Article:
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Managing Configurations

 

Understanding the show | compare | display xml Command Output

The compare | display xml filter compares the candidate configuration with the current committed configuration and displays the differences between the two configurations in XML. To compare configurations, enter compare | display xml after the pipe ( | ) symbol in either operational or configuration mode.

Example in operational mode:

Example in configuration mode:

You can enter a specific configuration hierarchy immediately preceding the compare filter, for example, show configuration system syslog | compare | display xml. In configuration mode, you can navigate to a hierarchy where the command is applied.

The differences from the compare filter function are output in XML. The configuration tag starts the output. The context for changes is established with hierarchy name tags relative to the root of the compare. For element changes, an operation attribute are output in the tag where a change occurs. This attribute has the value create, delete, or merge. For metadata changes, the metadata name is specified. For example, if a statement is marked inactive, the inactive="inactive" attribute and value are output. The nc namespace is used when necessary to indicate that an attribute is in the NETCONF namespace rather than the Junos OS namespace.

Note

Starting in Junos OS Release 16.2R2, the show | compare | display xml command omits the <configuration> tag in the XML output if the comparison returns no differences or if the comparison returns only differences for non-native configuration data, for example, configuration data associated with an OpenConfig data model.

The following sections explain the XML that is generated for particular types of configuration changes. The corresponding text changes are shown for comparison.

Adding a Statement (create Operation)

The following example shows the addition of IPv4 address 2.2.2.2 to unit 1. The tags through name provide the context for the addition. The operation="create" attribute indicates that a unit statement was created and is defined by the configuration within the unit tag.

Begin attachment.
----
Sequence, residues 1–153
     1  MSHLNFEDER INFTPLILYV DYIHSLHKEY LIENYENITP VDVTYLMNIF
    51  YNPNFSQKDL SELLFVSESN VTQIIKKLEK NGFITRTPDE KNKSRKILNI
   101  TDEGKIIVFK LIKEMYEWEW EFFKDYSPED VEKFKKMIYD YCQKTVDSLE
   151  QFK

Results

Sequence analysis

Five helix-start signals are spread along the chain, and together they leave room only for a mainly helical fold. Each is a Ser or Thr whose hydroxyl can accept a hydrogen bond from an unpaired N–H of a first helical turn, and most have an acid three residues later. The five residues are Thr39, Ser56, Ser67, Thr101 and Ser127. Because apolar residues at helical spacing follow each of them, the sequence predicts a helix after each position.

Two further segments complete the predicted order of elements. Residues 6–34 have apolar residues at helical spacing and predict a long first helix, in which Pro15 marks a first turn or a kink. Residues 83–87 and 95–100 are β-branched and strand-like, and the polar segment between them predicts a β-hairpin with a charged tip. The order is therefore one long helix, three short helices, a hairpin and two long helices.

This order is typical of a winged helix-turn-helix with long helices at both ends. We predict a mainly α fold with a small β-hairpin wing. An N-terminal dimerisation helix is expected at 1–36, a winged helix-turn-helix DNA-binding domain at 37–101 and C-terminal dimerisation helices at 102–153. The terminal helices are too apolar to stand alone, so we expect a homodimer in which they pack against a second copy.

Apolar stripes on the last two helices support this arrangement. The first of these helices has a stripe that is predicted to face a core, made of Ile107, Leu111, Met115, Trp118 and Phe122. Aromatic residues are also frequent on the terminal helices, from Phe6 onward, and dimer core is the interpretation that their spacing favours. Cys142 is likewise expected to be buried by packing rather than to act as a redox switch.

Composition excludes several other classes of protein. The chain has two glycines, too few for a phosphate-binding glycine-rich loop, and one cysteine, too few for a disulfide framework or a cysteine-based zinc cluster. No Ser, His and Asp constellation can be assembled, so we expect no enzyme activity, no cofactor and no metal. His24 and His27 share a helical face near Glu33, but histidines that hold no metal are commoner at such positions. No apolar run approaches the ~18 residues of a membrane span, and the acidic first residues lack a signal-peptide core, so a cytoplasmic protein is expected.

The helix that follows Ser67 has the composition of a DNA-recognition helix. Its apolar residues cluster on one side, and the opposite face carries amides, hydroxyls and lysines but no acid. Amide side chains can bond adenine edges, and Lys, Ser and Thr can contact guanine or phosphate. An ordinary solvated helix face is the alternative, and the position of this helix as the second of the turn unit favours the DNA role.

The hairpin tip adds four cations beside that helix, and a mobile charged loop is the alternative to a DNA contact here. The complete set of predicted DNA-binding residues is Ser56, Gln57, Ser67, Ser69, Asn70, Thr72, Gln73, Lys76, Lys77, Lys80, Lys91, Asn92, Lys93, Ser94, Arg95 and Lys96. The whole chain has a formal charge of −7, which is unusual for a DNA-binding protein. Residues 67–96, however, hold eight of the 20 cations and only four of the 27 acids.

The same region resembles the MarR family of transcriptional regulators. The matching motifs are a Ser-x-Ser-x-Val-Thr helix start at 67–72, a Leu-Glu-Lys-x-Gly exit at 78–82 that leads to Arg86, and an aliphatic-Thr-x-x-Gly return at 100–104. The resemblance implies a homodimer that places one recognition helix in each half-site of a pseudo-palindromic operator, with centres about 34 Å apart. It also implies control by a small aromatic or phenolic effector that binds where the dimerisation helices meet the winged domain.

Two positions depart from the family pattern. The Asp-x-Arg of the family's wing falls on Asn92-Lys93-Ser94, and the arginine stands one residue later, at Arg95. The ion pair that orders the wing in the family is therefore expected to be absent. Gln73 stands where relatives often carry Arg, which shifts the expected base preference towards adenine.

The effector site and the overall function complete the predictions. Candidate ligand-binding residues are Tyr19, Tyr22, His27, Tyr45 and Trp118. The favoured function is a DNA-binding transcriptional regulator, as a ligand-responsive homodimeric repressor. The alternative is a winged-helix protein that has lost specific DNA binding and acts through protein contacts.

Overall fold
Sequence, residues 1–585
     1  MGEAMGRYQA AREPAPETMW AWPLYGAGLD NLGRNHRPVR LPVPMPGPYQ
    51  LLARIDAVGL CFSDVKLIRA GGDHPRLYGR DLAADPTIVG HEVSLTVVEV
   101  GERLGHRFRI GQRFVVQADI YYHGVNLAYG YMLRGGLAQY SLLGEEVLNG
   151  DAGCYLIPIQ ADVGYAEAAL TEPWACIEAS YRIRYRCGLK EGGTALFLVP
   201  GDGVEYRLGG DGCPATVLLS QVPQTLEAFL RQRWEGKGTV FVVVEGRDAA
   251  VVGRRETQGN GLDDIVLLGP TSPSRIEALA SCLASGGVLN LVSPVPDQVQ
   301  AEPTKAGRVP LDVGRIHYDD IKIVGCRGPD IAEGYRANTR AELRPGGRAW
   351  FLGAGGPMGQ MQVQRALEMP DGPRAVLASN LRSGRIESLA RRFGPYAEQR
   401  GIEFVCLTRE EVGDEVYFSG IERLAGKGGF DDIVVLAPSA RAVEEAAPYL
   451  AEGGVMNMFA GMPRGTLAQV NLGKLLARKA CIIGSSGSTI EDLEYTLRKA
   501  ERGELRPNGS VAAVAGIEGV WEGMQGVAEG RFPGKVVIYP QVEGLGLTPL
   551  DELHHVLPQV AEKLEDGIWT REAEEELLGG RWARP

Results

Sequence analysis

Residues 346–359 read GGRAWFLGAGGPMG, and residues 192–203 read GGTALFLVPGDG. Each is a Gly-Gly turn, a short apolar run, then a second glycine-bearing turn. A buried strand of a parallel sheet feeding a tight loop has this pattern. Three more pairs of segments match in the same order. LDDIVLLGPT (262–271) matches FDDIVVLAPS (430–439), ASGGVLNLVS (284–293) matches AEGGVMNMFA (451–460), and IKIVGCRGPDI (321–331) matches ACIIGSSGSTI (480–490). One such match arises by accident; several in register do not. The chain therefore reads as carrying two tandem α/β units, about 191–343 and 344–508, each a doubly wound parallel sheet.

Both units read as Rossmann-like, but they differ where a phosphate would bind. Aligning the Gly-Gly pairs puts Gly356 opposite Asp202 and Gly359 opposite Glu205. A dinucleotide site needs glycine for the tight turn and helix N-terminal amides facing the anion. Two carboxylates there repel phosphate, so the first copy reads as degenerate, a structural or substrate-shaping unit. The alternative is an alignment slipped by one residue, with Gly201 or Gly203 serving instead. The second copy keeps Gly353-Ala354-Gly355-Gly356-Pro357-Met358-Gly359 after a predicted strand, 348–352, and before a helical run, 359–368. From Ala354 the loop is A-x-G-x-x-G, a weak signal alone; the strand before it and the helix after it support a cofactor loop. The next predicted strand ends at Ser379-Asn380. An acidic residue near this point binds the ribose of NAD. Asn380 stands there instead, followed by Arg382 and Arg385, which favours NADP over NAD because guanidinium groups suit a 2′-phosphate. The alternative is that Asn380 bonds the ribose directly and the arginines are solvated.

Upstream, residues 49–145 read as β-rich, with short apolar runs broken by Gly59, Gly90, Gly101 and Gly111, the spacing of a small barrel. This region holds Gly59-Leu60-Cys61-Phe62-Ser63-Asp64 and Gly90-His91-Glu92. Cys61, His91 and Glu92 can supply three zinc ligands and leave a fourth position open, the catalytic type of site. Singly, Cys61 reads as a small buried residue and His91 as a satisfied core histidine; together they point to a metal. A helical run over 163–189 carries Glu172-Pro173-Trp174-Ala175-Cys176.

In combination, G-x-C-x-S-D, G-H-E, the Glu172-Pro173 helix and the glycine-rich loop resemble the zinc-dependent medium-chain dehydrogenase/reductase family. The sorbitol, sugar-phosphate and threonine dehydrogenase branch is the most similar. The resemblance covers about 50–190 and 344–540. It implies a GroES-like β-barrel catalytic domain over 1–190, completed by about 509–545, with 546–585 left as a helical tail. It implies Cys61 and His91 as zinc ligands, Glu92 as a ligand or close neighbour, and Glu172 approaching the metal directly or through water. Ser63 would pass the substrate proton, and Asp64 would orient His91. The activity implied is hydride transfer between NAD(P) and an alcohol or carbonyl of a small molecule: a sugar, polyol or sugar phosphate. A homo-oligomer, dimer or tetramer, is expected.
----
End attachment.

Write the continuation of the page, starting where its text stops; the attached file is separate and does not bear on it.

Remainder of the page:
Deleting a Statement (delete Operation)

The following example shows the deletion of a simple statement in the configuration hierarchy. The tags through system provide the context for the deletion. The operation="delete" attribute indicates that the services statement was deleted. The configuration following the services statement was deleted though is not output.

The following example shows the deletion of unit 1 from the ge-0/0/0 interface. The configuration following the unit statement was deleted though is not output.

The following example shows the deletion of the apply-groups configuration. The groups that are deleted are not output.

Changing a Statement (delete and create Operations)

The following example shows a change in a statement in the hierarchy. The tags through system provide the context for the change. The operation="delete" attribute indicates that the host-name statement was deleted. The configuration following the host-name statement was deleted though is not output. The operation="create" attribute indicates that a host-name statement was created and is defined by the configuration within the host-name tag.

Changing Metadata (inactive Attribute and Operation)

The following example shows the inactivation of a statement in the hierarchy. The tags through system provide the context for the change. The inactive="inactive" attribute indicates that the syslog statement was inactivated.

The following example shows the addition of an inactive syslog statement. The operation="create" attribute indicates that the syslog statement was created and is defined by the configuration within the syslog tag. The inactive="inactive" attribute indicates that the syslog statement was inactivated.

Adding an Annotation (comment Tag and create Operation)

The following example shows the addition of a comment to a statement. The tags through syslog provide the context for the annotation. The operation="create" attribute for the junos:comment tag indicates that a comment was added to the [edit system syslog] hierarchy.

The following example shows the addition of a comment to a statement. The tags through syslog provide the context for the annotation. The operation="create" attribute for the junos:comment tag indicates that a comment was added to the [edit system syslog] hierarchy for the statement output within the syslog tag.

Changing an Annotation (comment Tag, and delete and create Operations)

The following example shows the change of a comment for a statement. The tags through system provide the context for the annotation. The operation="delete" attribute for the junos:comment tag indicates that a comment was deleted from the [edit system] hierarchy at the syslog statement. The operation="create" attribute for the junos:comment tag indicates that a comment was added to the [edit system] hierarchy for the syslog statement.